Archive for July 2004

Reflections

July 31, 2004

A

few days ago, I wrote that I wouldn’t be posting too often, but writing is good for the soul. There are always things I wish I could have done, should have done, earlier, sooner, promptly. These are the classic words of a procrastinator. I am president of our local chapter.

晩成の俺に人生短か過ぎ

For me
in the twilight years,
life has been too short

Although this sounds like the senryu of an old man, it was composed by my father back in 1941 when he was in his late 20s at a time when he thought he was nearing death. When he returned to the US from Japan in the early 30’s, there was little work, and he sought work where he could find it. He lived on a lemon orchard, picking lemons and living in a squalid shack with no plumbing. Later. he moved to Long Beach (CA) into his cousins house and began working in a fruit market where he packed more lemons. He can’t say for sure, but he believes it was during these months he contracted a debilitating disease that he simply referred to as fudobyo 風土病, an endemic disease.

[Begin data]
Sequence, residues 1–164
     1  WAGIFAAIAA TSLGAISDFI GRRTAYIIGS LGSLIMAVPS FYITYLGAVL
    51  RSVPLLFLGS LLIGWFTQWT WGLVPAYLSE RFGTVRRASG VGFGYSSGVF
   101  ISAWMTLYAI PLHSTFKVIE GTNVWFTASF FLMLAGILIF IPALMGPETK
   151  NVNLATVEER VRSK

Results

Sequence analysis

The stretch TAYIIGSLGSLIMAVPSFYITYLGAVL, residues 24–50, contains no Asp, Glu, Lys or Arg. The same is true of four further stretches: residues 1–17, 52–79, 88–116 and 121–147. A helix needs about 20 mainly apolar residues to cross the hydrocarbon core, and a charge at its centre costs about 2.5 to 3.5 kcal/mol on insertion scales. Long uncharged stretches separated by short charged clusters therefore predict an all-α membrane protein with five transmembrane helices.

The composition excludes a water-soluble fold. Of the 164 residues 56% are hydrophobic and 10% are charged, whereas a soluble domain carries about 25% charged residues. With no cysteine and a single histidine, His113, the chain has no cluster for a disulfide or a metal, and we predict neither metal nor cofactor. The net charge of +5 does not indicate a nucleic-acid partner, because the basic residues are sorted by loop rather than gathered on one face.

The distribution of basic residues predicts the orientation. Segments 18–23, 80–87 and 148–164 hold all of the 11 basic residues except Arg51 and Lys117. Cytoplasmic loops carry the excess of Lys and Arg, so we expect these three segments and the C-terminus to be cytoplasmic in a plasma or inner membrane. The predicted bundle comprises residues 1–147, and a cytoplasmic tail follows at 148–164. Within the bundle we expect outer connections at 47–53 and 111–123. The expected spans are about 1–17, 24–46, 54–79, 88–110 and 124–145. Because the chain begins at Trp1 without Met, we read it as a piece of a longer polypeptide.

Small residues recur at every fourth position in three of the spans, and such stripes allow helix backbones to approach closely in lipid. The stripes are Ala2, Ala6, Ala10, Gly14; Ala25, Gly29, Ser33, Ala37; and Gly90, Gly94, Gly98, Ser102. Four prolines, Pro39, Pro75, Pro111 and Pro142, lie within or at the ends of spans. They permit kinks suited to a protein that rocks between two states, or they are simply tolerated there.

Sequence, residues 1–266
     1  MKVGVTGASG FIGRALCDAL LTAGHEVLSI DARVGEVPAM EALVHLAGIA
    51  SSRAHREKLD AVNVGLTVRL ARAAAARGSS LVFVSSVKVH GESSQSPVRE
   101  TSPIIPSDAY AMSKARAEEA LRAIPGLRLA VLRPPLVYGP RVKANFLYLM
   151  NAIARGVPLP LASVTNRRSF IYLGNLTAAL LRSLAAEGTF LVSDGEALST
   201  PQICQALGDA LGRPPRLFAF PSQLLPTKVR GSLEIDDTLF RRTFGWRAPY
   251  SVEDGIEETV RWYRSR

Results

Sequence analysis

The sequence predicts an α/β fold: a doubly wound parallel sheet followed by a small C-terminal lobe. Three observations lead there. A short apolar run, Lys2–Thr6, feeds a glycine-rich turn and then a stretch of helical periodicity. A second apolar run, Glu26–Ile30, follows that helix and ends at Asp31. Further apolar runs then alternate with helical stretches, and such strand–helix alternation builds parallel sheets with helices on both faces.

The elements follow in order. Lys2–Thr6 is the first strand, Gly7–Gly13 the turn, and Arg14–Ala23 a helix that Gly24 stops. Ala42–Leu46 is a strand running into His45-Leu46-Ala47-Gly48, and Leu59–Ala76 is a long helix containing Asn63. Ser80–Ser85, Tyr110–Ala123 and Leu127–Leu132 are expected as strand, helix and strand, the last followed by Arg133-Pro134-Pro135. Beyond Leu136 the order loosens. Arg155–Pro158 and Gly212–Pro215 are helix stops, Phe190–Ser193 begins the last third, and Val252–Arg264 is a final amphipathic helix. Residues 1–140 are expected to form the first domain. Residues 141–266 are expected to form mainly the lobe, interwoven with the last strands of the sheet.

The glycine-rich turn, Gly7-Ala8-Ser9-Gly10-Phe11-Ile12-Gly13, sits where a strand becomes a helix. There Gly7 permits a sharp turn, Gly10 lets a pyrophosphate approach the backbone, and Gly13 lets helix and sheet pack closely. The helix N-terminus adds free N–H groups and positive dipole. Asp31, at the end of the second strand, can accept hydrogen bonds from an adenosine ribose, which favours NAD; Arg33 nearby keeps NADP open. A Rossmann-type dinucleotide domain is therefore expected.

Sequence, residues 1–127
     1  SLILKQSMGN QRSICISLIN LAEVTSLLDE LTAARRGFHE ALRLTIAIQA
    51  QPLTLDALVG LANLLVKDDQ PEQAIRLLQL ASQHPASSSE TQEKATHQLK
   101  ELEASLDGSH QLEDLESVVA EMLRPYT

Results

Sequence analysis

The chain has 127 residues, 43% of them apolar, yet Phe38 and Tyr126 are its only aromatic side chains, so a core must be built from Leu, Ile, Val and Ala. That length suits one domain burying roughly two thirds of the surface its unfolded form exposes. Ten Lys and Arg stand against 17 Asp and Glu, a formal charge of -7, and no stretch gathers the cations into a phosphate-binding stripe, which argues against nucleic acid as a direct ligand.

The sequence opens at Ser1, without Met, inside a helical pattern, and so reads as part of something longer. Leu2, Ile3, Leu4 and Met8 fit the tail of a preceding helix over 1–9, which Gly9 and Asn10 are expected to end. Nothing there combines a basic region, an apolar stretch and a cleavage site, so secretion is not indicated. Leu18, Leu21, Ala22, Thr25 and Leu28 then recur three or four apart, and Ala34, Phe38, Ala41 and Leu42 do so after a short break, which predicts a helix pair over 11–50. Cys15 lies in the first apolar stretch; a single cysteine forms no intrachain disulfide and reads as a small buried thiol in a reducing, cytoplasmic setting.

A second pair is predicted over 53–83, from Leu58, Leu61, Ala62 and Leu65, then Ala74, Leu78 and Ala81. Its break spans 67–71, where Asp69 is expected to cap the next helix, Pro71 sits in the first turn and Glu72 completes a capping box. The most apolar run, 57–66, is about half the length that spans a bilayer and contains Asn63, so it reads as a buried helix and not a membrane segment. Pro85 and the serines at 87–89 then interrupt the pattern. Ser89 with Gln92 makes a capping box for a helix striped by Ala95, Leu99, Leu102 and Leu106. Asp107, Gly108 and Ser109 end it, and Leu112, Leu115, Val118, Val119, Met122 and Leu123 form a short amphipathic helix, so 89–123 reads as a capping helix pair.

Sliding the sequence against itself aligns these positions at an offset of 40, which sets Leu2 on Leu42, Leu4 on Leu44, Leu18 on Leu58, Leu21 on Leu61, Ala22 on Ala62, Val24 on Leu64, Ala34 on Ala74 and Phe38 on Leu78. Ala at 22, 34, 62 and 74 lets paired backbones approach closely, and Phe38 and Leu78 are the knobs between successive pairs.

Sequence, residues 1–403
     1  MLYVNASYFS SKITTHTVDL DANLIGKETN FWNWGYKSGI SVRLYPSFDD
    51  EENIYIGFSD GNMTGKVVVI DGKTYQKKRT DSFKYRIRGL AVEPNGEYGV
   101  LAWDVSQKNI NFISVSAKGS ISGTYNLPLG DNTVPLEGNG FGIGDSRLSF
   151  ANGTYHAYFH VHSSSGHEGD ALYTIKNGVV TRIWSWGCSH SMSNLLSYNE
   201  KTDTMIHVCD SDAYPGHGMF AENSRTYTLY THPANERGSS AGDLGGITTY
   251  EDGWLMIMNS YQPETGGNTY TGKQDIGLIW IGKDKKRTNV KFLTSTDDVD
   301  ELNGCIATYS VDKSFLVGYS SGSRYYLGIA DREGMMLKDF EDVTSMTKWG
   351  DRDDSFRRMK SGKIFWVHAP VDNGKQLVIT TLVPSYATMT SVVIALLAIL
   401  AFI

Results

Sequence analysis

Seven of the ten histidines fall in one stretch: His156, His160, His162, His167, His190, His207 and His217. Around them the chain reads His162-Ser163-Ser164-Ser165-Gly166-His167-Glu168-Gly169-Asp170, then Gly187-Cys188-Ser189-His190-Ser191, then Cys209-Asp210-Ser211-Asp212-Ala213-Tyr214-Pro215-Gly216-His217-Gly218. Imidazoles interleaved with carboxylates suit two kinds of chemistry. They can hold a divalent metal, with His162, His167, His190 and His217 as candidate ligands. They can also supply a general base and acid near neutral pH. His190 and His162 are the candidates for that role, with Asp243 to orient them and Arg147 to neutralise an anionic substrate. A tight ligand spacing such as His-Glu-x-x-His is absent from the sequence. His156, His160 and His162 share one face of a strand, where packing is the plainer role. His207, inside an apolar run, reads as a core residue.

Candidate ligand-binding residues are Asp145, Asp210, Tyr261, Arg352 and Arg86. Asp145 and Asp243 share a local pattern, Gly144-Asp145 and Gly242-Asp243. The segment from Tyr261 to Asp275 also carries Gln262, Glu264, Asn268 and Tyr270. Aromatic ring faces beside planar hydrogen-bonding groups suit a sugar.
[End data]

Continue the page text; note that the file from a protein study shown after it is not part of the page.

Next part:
My father never knew the exact disease–although he was born in Idaho, he spent his formative years in Japan, and his English was never proficiently native–but it not only sapped his energy, it caused his tendons and cartilage to degenerate. As a kid, I used to stare at the parts of his body that had been affected: a short middle finger, grooves in his forearm where tendons used to be, an indentation at his solarplexes. (Maybe someone knows a name for this illness?)